Writing about someone’s interview in the middle of the night is probably not the best way to do it, but it is what it is. *smile* I have definitely some things to say on the subject, but I will comment after having translated the whole interview. Here is the first part, and hopefully, the second will follow.
A HUGE thank you goes to the reader Ever for providing me with the original. Otherwise, the translation would not have been possible. So, thank you very much!
SportBild 46 (2011), the interview by Christian Falk and Tobias Altschäffl
The Summit of Leaders
SB: Mr. Lahm, you are the captain of the National Team and FC Bayern. Mr. Kahn, you are a former captain. We’ve asked you to come to this interview because you both represent different philosophies when it comes to the question of leadership. Mr. Kahn has pointed to the connection between the absence of titles and the new leadership style. Why?
Kahn (42): Both the National Team and FC Bayern have been experiencing some promising development. With that kind of quality, you would like to win big titles. In that respect, the question arises as to what is missing. Those are a couple of aspects – 5 to 10 percent – that go through one’s mind. I have spoken on that subject matter. How can one get that missing percentage?
SB: Mr. Lahm, you have played in the big finals but, in fact, you lack big titles just as an irrefutable argument for your philosophy of the flat hierarchy.
Philipp Lahm (28): It is clear that what ultimately counts is the title. We will be perceived as a good generation only if we win a title. We have to measure a career by that. I see that there has been a good development in the National Team and FC Bayern. Now is the moment to win a title.
SB: Philipp Lahm has asserted himself, with his opinion, against Michael Ballack in the campaign for the captain’s armband in the National Team. Is it due to the fact that his style corresponds better to the demand of time?
Kahn: I wouldn’t link that to the style. When one reaches that certain age, like Michael, the youngsters automatically take on the alpha-leader. Due to the high quality in the team and the strong performance at the World Cup 2010, Michael was replaced and didn’t have the same status in the team as he had previously had. It is important to recognize that early on. In 2006, it was clear to me that it didn’t make sense to continue playing for the National Team. The set-ups are written with the course of time.
SB: Out with the alpha-leaders, in with the flat hierarchy?
Kahn: Surely nobody believes that there is no hierarchical structure in a football team. Decisions have to be taken by somebody from someone. In addition, reasonable hierarchies can have a cooling effect when it comes to conflicts because there is a rule that regulates clashes between people. Players like Neuer, Schweinsteiger, Podolski, Mertesacker, Klose, Gomez, Müller or Philipp are all those types of players who possess leadership qualities and are ready for a big title. The second and third places don’t satisfy you anymore. The National Team has also demonstrated that after the World Cup 2010, when they didn’t want to take part in any celebration. The Spain’s head coach, Vincente del Bosque, while exaggerating a bit, has said before the World Cup, “We should stop with the niceness!” And that also applies to our boys for the upcoming European Championship. After 1996, it is again time to win a title.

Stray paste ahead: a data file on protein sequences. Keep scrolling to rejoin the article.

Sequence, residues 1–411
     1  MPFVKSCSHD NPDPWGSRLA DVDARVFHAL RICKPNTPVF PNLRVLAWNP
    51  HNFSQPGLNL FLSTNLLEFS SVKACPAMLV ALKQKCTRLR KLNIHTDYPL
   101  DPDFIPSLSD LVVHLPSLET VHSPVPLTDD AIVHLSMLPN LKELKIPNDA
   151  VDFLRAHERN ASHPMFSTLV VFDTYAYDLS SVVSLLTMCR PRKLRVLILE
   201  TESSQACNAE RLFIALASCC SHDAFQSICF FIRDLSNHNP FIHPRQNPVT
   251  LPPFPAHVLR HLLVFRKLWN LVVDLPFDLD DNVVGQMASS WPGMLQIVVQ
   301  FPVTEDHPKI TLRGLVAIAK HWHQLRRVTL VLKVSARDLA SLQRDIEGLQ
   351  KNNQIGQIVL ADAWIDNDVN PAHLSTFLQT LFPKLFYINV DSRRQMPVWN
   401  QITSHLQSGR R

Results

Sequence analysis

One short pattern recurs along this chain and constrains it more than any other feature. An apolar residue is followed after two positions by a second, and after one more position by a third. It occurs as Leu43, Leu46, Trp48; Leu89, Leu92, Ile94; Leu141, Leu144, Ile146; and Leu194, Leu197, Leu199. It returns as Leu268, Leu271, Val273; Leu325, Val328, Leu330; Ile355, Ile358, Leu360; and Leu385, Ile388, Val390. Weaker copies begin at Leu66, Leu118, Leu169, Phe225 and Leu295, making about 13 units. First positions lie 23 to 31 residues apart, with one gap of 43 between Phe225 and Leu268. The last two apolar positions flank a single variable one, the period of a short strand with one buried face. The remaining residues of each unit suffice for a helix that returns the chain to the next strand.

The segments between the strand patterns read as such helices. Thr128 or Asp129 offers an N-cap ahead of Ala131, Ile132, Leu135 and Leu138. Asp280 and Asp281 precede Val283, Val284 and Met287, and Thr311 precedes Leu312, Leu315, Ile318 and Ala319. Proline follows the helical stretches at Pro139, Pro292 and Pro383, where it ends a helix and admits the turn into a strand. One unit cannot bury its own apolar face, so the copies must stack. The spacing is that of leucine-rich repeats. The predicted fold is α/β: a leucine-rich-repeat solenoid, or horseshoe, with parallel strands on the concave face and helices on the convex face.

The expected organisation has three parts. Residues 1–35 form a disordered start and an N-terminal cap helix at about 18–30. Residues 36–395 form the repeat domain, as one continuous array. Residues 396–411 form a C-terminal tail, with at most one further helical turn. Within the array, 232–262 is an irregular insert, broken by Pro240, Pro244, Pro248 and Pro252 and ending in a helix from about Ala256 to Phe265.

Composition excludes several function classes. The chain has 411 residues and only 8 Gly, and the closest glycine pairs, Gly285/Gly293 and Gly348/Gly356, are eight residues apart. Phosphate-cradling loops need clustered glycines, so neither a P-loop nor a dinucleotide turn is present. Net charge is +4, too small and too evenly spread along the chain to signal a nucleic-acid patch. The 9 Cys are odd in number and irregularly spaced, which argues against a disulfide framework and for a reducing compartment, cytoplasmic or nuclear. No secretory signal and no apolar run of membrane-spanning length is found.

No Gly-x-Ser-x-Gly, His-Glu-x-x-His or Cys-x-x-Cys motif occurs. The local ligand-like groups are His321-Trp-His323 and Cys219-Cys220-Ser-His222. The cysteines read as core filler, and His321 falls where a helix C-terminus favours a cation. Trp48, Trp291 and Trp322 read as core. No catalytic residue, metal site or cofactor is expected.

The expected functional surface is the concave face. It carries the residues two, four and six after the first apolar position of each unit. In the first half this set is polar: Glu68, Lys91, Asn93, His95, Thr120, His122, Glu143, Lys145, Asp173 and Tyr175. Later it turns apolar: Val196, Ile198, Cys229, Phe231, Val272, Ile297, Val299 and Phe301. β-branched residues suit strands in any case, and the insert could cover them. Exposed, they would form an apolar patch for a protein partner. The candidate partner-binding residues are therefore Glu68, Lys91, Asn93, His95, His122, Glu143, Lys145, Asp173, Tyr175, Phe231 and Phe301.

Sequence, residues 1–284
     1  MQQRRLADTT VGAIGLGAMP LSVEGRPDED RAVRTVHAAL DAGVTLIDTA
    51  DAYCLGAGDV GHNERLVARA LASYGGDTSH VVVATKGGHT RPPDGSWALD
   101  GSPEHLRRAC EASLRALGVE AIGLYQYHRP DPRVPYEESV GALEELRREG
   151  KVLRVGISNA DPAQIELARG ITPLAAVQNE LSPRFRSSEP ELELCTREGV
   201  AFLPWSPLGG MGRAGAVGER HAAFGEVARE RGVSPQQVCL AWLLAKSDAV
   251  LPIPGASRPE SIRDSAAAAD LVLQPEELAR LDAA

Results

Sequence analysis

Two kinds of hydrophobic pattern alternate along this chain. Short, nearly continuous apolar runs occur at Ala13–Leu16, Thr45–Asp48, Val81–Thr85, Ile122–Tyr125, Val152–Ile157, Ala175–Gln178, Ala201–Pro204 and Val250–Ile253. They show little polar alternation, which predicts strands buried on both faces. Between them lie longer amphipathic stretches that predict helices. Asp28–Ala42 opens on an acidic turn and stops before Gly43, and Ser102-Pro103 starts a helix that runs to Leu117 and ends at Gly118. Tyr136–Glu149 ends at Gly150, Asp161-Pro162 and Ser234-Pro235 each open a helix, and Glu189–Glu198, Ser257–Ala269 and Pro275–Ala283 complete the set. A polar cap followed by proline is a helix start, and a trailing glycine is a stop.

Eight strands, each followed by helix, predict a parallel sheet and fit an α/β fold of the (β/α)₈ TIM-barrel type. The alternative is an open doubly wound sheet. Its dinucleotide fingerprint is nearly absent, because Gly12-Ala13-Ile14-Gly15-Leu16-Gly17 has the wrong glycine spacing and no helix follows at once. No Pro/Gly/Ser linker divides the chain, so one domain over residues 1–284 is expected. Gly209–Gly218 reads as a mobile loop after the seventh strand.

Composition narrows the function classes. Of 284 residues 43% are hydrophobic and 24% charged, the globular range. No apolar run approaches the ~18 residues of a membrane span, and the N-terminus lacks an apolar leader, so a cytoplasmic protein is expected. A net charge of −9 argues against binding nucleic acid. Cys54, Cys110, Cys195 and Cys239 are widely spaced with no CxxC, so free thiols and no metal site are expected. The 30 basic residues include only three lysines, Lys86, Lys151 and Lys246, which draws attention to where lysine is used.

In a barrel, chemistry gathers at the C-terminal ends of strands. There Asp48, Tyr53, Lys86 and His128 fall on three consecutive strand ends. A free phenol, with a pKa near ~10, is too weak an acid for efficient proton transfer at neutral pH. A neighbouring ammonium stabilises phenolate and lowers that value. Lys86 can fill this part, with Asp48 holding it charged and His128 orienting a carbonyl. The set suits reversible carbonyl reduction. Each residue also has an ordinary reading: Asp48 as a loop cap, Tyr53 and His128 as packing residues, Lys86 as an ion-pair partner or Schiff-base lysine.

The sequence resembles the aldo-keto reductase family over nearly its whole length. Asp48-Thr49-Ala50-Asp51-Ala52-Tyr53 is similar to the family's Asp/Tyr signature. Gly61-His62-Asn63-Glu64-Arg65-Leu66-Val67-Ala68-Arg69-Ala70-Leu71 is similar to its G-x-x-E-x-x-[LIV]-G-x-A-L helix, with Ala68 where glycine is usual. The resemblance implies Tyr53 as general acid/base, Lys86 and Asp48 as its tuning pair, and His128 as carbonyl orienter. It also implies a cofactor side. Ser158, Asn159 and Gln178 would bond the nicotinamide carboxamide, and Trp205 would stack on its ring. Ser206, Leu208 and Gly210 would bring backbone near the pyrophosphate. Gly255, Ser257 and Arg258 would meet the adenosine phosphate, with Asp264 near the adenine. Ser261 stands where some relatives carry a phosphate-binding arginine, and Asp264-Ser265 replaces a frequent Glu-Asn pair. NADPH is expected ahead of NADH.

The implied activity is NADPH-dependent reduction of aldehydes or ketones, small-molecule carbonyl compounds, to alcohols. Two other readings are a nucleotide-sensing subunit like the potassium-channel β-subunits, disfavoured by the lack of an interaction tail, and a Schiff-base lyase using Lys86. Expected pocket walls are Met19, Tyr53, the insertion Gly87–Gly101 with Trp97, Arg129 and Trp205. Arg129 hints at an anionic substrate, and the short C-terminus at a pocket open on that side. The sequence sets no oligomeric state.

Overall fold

SB: Mr. Lahm, you say that the time for screaming “We’ve got to have the balls!” is in the past. You quote Mr. Kahn. How far off are your principles of the leadership?
Philipp Lahm: Not far at all! A flat hierarchy also implies a hierarchy. Each team has a hierarchy, even must have one. It’s the same with us. We have players like Bastian Schweinsteiger, Manuel Neuer and I, whose standing is somewhat higher than that of others. Oliver had a different personality back then than the one we have: very emotional, his will came across, his ambition. That was impressive to me.
Kahn: In that regard, I have to say one required that from me. There were times when those roles stressed me very much, thus I put myself even under greater pressure because of the outside pressure. High motivation won’t be permanently maintained and exemplified. Otherwise, one burns out fast. Therefore, it is important that the responsibility rests on many shoulders. Also, I spoke the phrase “we’ve got to have the balls” into the journalist’s microphone and didn’t scream.
SB: One basically never sees you scream, Mr. Lahm.
Philipp Lahm: Oliver and I are different people. It wouldn’t be plausible if I shook a teammate. Me too, I am emotional, but I try to get a grip. It simply works for me, it’s a strength also. I can imagine that it can be very exhausting to be always as emotional as Oliver was. Thus, I always try to come down. Every three days [to experience] those emotions, it takes a toll on energy.
Kahn: One has to distinguish between things. As soon as we were on the pitch, I wanted to help the team with my presence. My first coach at KSC, Winnie Schäfer, taught me that. During a normal contact with the team, I was more reserved. As a captain, one has to develop an ability to feel when he should act louder or when he should be calmer (reassuring).
SB: Are there enough players like that at FC Bayern?
Lahm: We have a core of five, six players who continue to grow into the leadership roles: Manuel Neuer, Toni Kroos, Mario Gomez, Bastian or I. The players who stand for the club and, in case of trouble, reel others in.
© translation unavis
Part II of the interview.